Campaigning in a crofting area

Political parties try to reduce elections to simply identifying voters who support you, then dragging them out kicking and screaming on polling day. In urban areas, maybe you can reduce campaigning to production line techniques like that. But in the countryside people expect to get to know you, and expect you to get to know them.

Along the way they’ll decide whether to back you, and may never tell you. Years ago I was a Councillor in England, and it was only during my third re-election campaign that people started saying “oh, I’ve always voted for you” instead of “I’ll think about it”.

Yesterday was our 3rd day campaigning in Rogart, up in the hills again among the crofts. Some strong images stick in the mind.

I chose to wear storm-proof trousers as the radio promised bursts of torrential rain between sunny periods. Here, what you actually get is usually the opposite to the weather forecast, but it turned out to be a wise move, especially with that many hilltops to climb. The landscape in the picture of me in the yellow jacket may seem devoid of habitation, but there are crofts hidden all around.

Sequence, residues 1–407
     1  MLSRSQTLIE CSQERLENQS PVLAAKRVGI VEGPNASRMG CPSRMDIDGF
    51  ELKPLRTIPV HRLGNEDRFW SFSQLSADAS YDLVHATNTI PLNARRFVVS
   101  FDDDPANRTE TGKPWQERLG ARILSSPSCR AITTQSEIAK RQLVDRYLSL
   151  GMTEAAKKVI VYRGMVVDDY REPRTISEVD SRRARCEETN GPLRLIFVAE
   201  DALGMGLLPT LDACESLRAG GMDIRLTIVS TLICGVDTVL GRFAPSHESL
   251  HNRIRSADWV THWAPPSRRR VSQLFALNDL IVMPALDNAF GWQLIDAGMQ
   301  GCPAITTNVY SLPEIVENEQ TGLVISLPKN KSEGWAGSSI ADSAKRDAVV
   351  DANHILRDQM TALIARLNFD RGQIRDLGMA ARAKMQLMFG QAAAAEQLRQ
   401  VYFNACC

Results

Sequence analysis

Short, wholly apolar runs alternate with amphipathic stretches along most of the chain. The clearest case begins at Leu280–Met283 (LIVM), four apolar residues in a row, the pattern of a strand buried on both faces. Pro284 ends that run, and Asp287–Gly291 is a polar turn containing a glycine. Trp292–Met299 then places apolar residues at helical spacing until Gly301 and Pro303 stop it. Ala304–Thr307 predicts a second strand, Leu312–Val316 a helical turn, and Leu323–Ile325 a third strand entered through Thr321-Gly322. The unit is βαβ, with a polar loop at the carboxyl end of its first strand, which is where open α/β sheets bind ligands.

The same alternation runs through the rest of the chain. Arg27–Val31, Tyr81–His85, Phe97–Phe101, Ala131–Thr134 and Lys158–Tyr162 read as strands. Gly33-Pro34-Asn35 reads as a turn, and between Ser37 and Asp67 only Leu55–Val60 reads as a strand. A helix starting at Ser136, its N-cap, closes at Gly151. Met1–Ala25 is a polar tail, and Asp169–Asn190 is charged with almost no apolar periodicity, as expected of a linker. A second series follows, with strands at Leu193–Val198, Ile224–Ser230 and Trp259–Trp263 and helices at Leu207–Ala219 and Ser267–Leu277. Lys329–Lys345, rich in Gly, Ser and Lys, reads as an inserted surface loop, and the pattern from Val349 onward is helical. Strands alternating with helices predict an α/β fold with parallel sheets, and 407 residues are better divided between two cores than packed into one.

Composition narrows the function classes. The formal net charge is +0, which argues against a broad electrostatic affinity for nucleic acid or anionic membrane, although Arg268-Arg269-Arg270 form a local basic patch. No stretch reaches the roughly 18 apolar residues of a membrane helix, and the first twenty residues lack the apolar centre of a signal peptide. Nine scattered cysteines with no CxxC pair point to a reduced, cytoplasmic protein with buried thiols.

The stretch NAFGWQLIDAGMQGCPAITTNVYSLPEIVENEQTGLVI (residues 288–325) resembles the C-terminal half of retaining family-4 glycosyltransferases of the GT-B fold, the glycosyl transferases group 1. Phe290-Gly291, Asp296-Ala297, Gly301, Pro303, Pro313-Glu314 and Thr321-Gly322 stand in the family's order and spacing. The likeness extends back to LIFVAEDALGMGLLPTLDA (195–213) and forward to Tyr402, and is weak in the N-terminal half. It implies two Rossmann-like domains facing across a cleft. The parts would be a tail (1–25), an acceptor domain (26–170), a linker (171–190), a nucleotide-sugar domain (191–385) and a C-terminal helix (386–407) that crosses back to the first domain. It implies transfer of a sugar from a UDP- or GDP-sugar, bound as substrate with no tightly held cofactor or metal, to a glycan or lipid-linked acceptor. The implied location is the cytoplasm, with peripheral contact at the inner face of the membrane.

“We do like your house.” “Would you like to come in for a look?” “Yes please!” (We’re hoping to downsize onto the plot next door)

“Come in for coffee. I’ve got some cake” said the lady who organises the community baking. The temptation nearly got us. You really need to try her cheese scones to understand.

Where we stopped for our picnic lunch, we suddenly realised there were Saddleback and Gloucester Old Spot pigs on the land next to us. Judging by the reddish colour, though, there was a healthy dose of Tamworth in the Old Spots. Friendly they were, too.

Outside the village school there was an Easter lamb waiting with it’s mum for playgroup to start. A little early, but they didn’t seem to mind. There was plenty to eat on the roadside verge.

In the kennels up by an old side-school, we came across a litter of puppies, one of which followed me back to the car. I led it back and it followed me again. Walking to heel at six weeks old? I felt chosen, but the Westies would have objected.

In the middle of a doorstep conversation, the subject turned to whether that lamb lying motionless over there was dead or not. Happily not!

There was another discussion about hunter trials and carriage driving, the latter being too much work and money to be enjoyable; which suddenly turned to what happens when farmed boars escape into the wild. We have experience of that from Kent.

These are some of the insights into other people’s real lives that make elections enjoyable and meaningful.

Five years ago I didn’t know anybody. It’s a pleasant surprise to realise how many people I now know so well, and how much genuine warmth there is.

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